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Rochon v. Gonzales

United States Court of Appeals for the District of Columbia Circuit

September 13, 2005, Argued ; February 28, 2006, Decided

No. 04-5278


 [**76]   [*1213]  GINSBURG, Chief Judge: Donald Rochon sued the Attorney General of the United States in his official capacity, claiming the Federal Bureau of Investigation had discriminated and retaliated against him, in violation both of Title VII of the Civil Rights Act of 1964, 42 U.S.C. § 2000e et seq. (2000), and of a 1990 agreement settling his earlier Title VII suit against the Bureau. The alleged discrimination and retaliation took the form of the FBI's refusal, contrary to policy, to investigate [***2]  death threats a federal prisoner made against Rochon and his wife. The district court dismissed Rochon's complaint on the grounds that Rochon had neither pled facts demonstrating the FBI had taken an adverse employment action against him nor shown a causal link between his protected activity and the FBI's alleged retaliation.

The district court should not have dismissed Rochon's Title VII claim because Rochon was not required to demonstrate his employer's retaliatory act was related to his employment. Further, it is unclear whether the district court had direct jurisdiction over the claim arising out of the settlement agreement. See Brown v. United States, 363 U.S. App. D.C. 464, 389 F.3d 1296, 1297 (D.C. Cir. 2004) (per curiam). Therefore, we reverse the judgment of the district court and remand the case for further proceedings.

I. Background

In 1981 Donald Rochon began working as a Special Agent in the Omaha office of the FBI, where he became the target of a campaign of racial harassment. Rochon filed a formal complaint with his Equal Employment Opportunity Counselor in 1984. In 1987 the Department of Justice concluded the Bureau had discriminated against Rochon [***3]  and then retaliated against him for complaining about the discrimination. Rochon sued the FBI and in 1990 the parties entered into a settlement agreement as part of which the Bureau agreed "not to take any retaliatory action" against Rochon in the future.

Soon thereafter, however, Ronald Kessler authored a book entitled The FBI, in which he attributed to FBI agents certain statements describing Rochon's performance at the Bureau as substandard. Rochon brought a second Title VII suit and in 1994 the parties entered into a second settlement agreement. This time the FBI agreed to issue a corrective statement, to refrain from interfering "with Mr. Rochon's future employment opportunities," and to pay him $ 40,000 in damages. The 1994 agreement expressly provided that it did not "in any way replace, diminish, or modify the terms or relief," such as the bar against retaliation, in the 1990 agreement.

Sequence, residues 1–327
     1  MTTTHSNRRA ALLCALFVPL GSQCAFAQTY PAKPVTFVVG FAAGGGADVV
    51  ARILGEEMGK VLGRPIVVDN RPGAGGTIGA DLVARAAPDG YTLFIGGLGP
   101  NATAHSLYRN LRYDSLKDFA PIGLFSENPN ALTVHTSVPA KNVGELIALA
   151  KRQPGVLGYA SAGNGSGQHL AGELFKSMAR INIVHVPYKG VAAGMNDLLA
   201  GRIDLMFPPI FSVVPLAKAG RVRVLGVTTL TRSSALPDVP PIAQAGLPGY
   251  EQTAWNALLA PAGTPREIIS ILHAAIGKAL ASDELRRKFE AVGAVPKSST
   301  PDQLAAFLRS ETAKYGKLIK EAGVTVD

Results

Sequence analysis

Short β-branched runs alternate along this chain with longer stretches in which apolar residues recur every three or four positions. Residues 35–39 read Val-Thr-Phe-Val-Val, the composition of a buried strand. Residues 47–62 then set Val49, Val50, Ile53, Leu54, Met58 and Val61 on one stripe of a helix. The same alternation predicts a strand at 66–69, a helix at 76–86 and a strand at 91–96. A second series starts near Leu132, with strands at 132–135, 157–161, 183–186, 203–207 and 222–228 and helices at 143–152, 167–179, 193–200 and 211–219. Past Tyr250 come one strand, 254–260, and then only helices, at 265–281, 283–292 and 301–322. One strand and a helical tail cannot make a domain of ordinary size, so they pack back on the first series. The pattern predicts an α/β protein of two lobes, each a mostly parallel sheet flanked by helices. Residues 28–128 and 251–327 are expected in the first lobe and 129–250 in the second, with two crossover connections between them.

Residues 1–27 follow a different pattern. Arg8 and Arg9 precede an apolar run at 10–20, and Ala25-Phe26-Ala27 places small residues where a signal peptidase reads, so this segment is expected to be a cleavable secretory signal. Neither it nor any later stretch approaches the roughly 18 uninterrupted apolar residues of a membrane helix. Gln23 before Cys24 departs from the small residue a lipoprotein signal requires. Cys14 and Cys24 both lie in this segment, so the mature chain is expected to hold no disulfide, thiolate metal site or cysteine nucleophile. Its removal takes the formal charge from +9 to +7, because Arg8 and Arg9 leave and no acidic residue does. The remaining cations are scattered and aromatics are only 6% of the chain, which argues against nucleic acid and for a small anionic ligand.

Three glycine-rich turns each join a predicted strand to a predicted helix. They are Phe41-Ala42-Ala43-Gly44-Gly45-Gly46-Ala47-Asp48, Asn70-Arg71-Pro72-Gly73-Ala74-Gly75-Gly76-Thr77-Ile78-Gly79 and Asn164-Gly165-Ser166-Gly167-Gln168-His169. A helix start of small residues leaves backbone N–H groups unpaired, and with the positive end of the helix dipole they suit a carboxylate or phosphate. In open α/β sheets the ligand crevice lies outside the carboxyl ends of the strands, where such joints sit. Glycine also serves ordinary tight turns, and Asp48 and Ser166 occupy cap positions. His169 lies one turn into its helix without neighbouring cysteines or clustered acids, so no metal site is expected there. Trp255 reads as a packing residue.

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438 F.3d 1211 *; 370 U.S. App. D.C. 74 **; 2006 U.S. App. LEXIS 5028 ***; 97 Fair Empl. Prac. Cas. (BNA) 944; 87 Empl. Prac. Dec. (CCH) P42,281


Subsequent History: Rehearing, en banc, denied by Rochon v. Gonzales, 2006 U.S. App. LEXIS 17531 (D.C. Cir., July 11, 2006)

Rehearing denied by Rochon v. Gonzales, 2006 U.S. App. LEXIS 17535 (D.C. Cir., July 11, 2006)

Prior History:  [***1]  Appeal from the United States District Court for the District of Columbia. (No. 03cv00958).

Rochon v. Ashcroft, 319 F. Supp. 2d 23, 2004 U.S. Dist. LEXIS 9382 (D.D.C., 2004)


retaliation, district court, retaliatory, sovereign immunity, discriminate, settlement agreement, protected activity, personnel action, adverse action, investigate, employees, damages, threats, adverse employment action, jurisdiction of a court, employment practice, contract claim, antiretaliation, engaging

Civil Procedure, Subject Matter Jurisdiction, Jurisdiction Over Actions, General Overview, Governments, Courts, Courts of Claims, Exclusive Jurisdiction, Labor & Employment Law, Title VII Discrimination, Remedies, Contracts Law, Breach, Breach of Contract Actions, Affirmative & Equitable Relief, Torts, Liability, Federal Tort Claims Act, Jurisdiction, Supplemental Jurisdiction, Ancillary Jurisdiction, Discrimination, Retaliation, Federal Government, Claims By & Against, Appeals, Standards of Review, De Novo Review, Defenses, Demurrers & Objections, Motions to Dismiss, Failure to State Claim, Evidence, Inferences & Presumptions, Presumptions, Legislation, Interpretation, Elements, Causation